Blog Contributors

Craig Applegath

Michael Haggerty

Peter Howard

Raj Kottamasu

Must Read Books

Adapting Buildings and Cities for Climate Change - A 21st Century Survival Guide

by Sue Roaf, David Crichton, and Fergus Nicol


by Brian Walker and David Salt

Climate Wars, 

by Gwynne Dyer

The Vanishing Face of Gaia, 

by James Lovelock

Carbon Shift,

edited by Thomas Homer-Dixon

Why Your World is About to Get a Whole Lot Smaller,

by Jeff Rubin

Welcome To The Urban Revolution - How Cities Are Changing The World, 

by Jeb Brugmann


Resilience Science Blog by Resilience Alliance

HuffPost Green

Energy Bulletin: Website / blog regarding the peak in global energy supply.

Richard Heinberg's Museletters Blog

The Oil Drum: A website / blog providing peak oil related analysis's international campaign updates blog

RealClimate is a commentary site on climate science by working climate scientists for the interested public and journalists.

The Guardian Data Store


Competition Blogs

The Competition is now closed for judging and submitted qualifying blogs are now viewable in Competition Blogs

September 2009

Competition Update

Sep 19, 2009 1:49 PM
Craig Applegath

The Design Ideas Jury met yesterday and reviewed all of the competition entries. There were a number of very thoughtful and well executed entries. There were two winners and a number of honorable mentions determined by the Jury.

We will be posting the results of the competition this coming Thursday September 30th, the same day that they will be exhibited at the IDEX / Green Building Festival Exposition in Toronto from September 24 to 25.

 Thanks again to all of the contestants who submitted. Your efforts and ideas were appreciated!


Craig Applegath is a founding member and moderator of, and an Architect and Principal at Cohos Evamy Integratedesign in Toronto.

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ResilientCity Design Competition a Wrap!

Sep 2, 2009 9:25 PM
Craig Applegath

Thank you for your great responses!!!!

The first Design Ideas Competition is now a wrap, and we are starting to sort through the dozens on interesting and thoughful entries. It looks like all of the entrants put a lot of thought and passion into their submissions, and I can assure you that the jury will be putting an equal amount of care into reviewing and judging the responses.

The other good news is that the Green Building Festival in conjunction with IDEX will be hosting an exhibition of the 5 best entries at IDEX this year. For more information about the GBF/IDEX go to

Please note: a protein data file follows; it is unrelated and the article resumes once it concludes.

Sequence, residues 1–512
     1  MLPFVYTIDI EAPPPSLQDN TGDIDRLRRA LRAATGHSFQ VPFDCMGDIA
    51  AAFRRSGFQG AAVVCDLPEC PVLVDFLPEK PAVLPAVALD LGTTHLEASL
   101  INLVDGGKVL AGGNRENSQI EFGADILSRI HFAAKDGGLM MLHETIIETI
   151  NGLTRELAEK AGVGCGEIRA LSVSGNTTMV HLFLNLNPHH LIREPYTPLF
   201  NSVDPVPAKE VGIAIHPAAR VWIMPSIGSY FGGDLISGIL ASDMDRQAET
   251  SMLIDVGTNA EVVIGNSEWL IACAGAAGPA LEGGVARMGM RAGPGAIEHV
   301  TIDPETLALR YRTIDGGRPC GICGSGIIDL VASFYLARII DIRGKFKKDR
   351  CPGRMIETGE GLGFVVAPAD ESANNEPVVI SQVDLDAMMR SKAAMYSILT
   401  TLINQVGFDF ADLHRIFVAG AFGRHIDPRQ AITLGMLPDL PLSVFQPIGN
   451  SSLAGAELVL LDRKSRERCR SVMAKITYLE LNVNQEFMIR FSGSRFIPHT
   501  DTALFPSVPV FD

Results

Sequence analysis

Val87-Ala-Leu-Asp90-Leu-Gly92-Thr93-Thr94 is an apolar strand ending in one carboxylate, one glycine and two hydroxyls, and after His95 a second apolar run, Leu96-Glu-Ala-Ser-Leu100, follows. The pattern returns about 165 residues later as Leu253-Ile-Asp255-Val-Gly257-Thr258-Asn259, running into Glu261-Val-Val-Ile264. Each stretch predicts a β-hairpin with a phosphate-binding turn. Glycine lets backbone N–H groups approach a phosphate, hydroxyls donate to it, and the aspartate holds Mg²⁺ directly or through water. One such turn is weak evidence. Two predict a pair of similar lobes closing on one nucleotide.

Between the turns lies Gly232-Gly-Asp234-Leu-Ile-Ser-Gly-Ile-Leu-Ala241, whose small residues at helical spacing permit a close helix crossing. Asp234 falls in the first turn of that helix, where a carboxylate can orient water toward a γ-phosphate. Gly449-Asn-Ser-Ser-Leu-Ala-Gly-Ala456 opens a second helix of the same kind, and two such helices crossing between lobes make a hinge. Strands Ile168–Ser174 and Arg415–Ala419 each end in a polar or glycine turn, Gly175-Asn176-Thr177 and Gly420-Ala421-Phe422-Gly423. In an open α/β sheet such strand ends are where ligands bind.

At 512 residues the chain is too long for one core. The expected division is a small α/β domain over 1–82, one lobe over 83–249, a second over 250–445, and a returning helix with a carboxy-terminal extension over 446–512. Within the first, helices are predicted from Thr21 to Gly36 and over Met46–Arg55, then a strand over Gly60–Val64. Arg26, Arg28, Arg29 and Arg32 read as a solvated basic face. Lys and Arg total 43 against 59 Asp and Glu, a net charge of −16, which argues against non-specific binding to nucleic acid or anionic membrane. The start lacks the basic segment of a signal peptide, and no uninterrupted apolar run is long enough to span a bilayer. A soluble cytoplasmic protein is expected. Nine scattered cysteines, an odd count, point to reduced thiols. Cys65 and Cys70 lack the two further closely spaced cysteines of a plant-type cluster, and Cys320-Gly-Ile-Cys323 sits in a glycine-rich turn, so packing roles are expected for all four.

Thank you again for your interest, passion and commitment to creating more resilient cities!

Stay tuned for an update on the results.


Craig Applegath is a founding member and moderator of, and an Architect and Principal at Cohos Evamy Integratedesign in Toronto.

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July 2009

Choosing Your Starfish

Jul 6, 2009 9:54 PM
Craig Applegath

A couple of weeks ago I had the pleasure of making a presentation at the Royal Architectural Institute of Canada’s Festival of Architecture in Montreal. The theme of the conference was new visions for the future, and I set out to show how we might make our cities more resilient in the face of an unholy trinity: Climate Change, Peak Oil and Global Population Growth.

In preparing my talk it was clear that the most difficult thing about this topic is the magnitude of the problems. Indeed, once you have mapped them out, it’s hard to see solutions that are adequate.
I was rescued from this dilemma by a friend who told me the starfish story. It wonderfully captures the need for taking action, even in the face of overwhelming odds.

A woman vacationing on the west coast of Vancouver Island was walking down a deserted beach at sunset. She saw another woman in the distance, repeatedly bending down, picking things up, and throwing them into the water.

As she got closer, the first woman realized that the other woman was picking up starfish that had washed up on the beach. Puzzled, she asked her what she was doing.

“I'm saving these starfish. You see, it’s low tide right now, and if I don't throw them back, they'll die from lack of oxygen.”

“But there must be thousands of starfish on this beach!” said the first woman. “You can't possibly get to all of them. Can't you see that throwing them back can't possibly make a difference?”

The second woman smiled, picked up another starfish, threw it back, and replied, "Made a difference to that one!"

The problems posed by the combination of climate change, peak oil and population growth do indeed seem overwhelming, and it’s hard to imagine how we will deal with them. But as the starfish story points out, the difficulty of our situation should not prevent us from trying to make a difference.

So what should we be doing? Here are three suggestions:

1. Reduce our Energy Use:  Most of our environmental problems stem from too many people on the planet using too much energy – of all sorts, for all sorts of reasons. As planners, architects and engineers, our first priority must be to devise ways to significantly reduce the consumption of energy by buildings and cities. To accomplish this we should: